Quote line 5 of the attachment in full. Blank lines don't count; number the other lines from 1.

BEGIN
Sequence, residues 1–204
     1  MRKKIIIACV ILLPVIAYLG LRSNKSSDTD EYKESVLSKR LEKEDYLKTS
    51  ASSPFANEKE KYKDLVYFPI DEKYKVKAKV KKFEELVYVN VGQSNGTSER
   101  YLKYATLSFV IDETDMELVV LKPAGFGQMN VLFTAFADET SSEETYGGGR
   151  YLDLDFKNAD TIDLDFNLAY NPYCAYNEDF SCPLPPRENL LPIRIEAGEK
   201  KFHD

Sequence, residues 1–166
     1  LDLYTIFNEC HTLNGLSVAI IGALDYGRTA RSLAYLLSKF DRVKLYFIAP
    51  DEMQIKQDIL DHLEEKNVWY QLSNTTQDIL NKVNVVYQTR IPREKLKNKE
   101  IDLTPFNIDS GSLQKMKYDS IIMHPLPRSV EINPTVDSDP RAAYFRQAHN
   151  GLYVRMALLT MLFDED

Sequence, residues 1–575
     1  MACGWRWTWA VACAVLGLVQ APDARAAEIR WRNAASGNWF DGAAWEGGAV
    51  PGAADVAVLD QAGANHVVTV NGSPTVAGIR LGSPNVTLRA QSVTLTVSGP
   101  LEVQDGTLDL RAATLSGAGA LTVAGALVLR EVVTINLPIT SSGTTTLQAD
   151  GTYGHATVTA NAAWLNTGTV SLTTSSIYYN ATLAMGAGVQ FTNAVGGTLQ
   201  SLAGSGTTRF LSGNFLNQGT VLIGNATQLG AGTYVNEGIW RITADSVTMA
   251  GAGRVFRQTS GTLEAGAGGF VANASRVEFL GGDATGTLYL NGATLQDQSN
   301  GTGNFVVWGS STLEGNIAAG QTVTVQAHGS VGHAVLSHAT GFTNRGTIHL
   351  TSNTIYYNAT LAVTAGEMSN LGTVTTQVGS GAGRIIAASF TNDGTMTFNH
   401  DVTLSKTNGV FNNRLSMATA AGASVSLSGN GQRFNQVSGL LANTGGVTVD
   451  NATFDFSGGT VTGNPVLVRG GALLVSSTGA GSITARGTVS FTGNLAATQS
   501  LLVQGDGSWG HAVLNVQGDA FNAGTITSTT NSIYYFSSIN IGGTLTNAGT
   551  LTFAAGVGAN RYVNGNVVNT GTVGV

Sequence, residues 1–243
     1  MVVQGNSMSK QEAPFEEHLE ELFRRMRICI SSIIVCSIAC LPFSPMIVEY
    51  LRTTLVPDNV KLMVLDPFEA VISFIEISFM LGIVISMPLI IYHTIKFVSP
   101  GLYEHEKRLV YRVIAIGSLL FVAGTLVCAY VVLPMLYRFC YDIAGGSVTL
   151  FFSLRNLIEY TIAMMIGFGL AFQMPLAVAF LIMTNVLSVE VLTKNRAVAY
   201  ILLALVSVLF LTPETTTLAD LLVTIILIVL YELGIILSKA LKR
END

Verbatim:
   151  YLDLDFKNAD TIDLDFNLAY NPYCAYNEDF SCPLPPRENL LPIRIEAGEK